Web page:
Middle East Business Aviation: After a slow start, NetJets is taking hold
The idea of aircraft fractional ownership took some time to germinate in the Middle East. But the seed NetJets Middle East planted in 1999 has now started to bear fruit, according to company president Mohammed Al-Zeer. “Our biggest challenge at this point is to add aircraft quickly enough to meet demand,” he told Aviation International News.
The Saudi Arabia-based company has enrolled 25 new share owners in the first six months of this year, “The same number added for the entire of 2004,” explained Al-Zeer. “One company tripled its own share holdings in just the past year.”
In an effort to accommodate demand, the company holds firm orders for three 14-passenger Gulfstream G350s, which will gradually replace the Gulfstream IV-SPs. Al-Zeer is also negotiating for additional Dassault 2000EXs and Hawker 800XPs. The fleet now totals nearly 30 aircraft. Al-Zeer called the fleet of Hawker 800XPs, Dassault 2000EXs and Gulfstream G350s most appropriate for the typical mission requirements throughout the Middle East, into Europe and nonstop as far as London.
Watching the demographics closely, Al-Zeer said that in the past several years Dubai, Cairo and Sharm el Sheik have become increasingly popular. “Those destinations have developed nicely in terms of both business and pleasure travel. NetJets travel is generally 80 percent business and 20 percent pleasure,” he added.
Approximately 80 percent of the Hawker 800XP operations occur within the Middle East, as do about 60 percent of the Dassault 2000EX and 50 percent of he Gulfstream 350 flights.
Al-Zeer credits much of the growth to the booming local economies, fueled in no small part by the rapidly increasing price of oil. He maintained that the Middle East has had the best performing stock markets in the world for the past two consecutive years.
In NetJets’ experience, the typical Middle East share owner is an individual who owns his own business. Major corporations and banks, many of which have joined the program just within the past 24 months, account for most others.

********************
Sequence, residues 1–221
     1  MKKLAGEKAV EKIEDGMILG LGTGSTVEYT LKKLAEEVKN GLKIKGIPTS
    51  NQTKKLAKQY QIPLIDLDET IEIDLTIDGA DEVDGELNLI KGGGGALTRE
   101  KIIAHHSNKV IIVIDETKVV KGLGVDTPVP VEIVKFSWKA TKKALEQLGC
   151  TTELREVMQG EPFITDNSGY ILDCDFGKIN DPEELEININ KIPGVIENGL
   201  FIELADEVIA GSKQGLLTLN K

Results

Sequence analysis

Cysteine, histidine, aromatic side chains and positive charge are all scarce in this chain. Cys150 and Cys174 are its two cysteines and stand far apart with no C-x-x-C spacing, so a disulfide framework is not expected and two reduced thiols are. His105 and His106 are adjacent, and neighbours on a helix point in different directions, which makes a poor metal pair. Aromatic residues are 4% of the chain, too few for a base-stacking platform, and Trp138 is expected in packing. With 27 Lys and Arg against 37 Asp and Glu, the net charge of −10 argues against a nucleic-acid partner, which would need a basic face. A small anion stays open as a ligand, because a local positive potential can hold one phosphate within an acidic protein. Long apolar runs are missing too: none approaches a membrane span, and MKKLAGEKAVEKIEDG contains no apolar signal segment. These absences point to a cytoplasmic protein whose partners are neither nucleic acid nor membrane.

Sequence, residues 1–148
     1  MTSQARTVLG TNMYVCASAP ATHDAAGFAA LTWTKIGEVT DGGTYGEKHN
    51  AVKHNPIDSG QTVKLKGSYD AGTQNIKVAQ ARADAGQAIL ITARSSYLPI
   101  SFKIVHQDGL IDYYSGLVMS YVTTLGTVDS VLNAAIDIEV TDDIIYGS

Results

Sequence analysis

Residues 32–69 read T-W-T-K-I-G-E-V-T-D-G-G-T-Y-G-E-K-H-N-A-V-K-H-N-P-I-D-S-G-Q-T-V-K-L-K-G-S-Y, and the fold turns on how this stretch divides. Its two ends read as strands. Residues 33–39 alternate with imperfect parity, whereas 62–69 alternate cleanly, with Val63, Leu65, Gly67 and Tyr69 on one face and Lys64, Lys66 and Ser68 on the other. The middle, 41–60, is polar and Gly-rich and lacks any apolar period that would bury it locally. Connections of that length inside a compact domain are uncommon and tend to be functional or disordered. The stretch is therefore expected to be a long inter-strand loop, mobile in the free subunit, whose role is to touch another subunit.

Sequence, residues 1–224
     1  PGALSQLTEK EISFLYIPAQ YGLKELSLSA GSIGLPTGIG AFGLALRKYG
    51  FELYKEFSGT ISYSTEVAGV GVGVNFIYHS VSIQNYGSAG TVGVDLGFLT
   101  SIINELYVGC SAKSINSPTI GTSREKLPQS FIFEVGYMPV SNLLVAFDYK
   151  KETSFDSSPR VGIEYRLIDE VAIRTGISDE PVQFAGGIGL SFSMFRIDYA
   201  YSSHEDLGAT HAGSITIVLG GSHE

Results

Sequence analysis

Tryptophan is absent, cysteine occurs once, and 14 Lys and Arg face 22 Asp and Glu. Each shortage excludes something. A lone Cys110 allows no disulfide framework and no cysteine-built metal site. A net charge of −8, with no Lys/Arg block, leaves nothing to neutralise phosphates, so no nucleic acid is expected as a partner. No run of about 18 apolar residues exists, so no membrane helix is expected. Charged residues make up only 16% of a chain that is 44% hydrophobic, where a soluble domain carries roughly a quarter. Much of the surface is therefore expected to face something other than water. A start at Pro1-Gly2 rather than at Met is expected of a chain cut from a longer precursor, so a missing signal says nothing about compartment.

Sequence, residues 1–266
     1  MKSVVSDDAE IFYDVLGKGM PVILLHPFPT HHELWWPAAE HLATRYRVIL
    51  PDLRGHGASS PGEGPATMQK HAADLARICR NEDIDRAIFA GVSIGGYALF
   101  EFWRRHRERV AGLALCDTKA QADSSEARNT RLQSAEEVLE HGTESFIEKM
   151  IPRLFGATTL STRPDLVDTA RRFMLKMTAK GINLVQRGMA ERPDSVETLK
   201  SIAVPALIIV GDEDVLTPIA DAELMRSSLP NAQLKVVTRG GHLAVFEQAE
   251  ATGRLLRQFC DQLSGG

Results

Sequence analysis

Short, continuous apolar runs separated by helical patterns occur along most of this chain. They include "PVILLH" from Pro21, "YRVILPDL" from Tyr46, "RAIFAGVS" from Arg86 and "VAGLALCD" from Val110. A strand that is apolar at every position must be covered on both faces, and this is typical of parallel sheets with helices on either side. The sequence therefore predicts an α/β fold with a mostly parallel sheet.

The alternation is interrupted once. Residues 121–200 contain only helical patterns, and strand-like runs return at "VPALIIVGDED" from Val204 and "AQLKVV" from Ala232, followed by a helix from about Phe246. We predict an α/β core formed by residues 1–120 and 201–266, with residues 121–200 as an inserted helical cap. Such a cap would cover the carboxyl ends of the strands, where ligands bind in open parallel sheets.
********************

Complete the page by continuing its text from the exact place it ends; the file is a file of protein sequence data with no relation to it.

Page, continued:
To simplify travel for those shareholders who may occasionally travel farther abroad, NetJets Middle East maintains close ties with the NetJets Europe and NetJets U.S. programs, affording “seamless travel across three continents.”
While the U.S.-based NetJets group maintains operational control, National Air Services in Jeddah satisfies the legal requirements and contributes a cultural continuity, as well as local marketing services.
The fee structure at NetJets Middle East mirrors that of the other NetJets programs, with its one-eighth share entry-level requirement, and more shares added in one-sixteenth increments. The usual acquisition fee, a fixed monthly fee, and a per-flight-hour fee all apply. The company also offers a program for share owners who need more hours than they originally bought but whose requirements don’t warrant an additional share. The actual rates charged within this structure differ from those in the U.S. and Europe to reflect the Middle East’s cost structure.
With the growth has come a need for more crews, a requirement the company appears to have little trouble filling. Al-Zeer said NetJets Middle East hires pilots every day, and needs experienced flight attendants. Both pilots and flight attendants return to the U.S. for annual recurrent training.
The crew schedule differs from the other two NetJets operations. NetJets Middle East crews–pilots and flight attendants alike–work five weeks and then are off duty for the next four weeks. During duty periods, they get one day off at full salary every seven days.
Crews do not have to reside in Saudi Arabia or even in the Middle East. “They can live anywhere they wish, and every fifth week they receive a free ticket home or to a place of their choice, full-fare coach or business class, depending on he distance being traveled,” said Al-Zeer.
Crew pay, he said, runs about 30 percent higher than that of NetJets crews in the U.S., and Saudi Arabia maintains “a very friendly tax environment.” Although crews get paid in U.S. dollars, if the Euro rises beyond a certain exchange rate, “salaries are increased appropriately.”
The rapid growth does not appear to make Al-Zeer nervous. Rather, he sees a bright future for NetJets Middle East for some time to come. “Our initial feasibility studies showed a potential client market of about 2,500 individuals and companies, and to date we have captured only about 17 percent of that market, which tells us there remains a lot of potential,” he said.
When the company opened for business, NetJets Middle East also ran a charter service. “By 2003, we had stopped doing charter, simply because there were no aircraft available,” explained Al-Zeer.
“We had some initial issues to deal with, such as finding local support in the Middle East, and there remains the challenge of overflight permits. But we are continuing to grow, to meet our own expectations and those of our customers,” he concluded.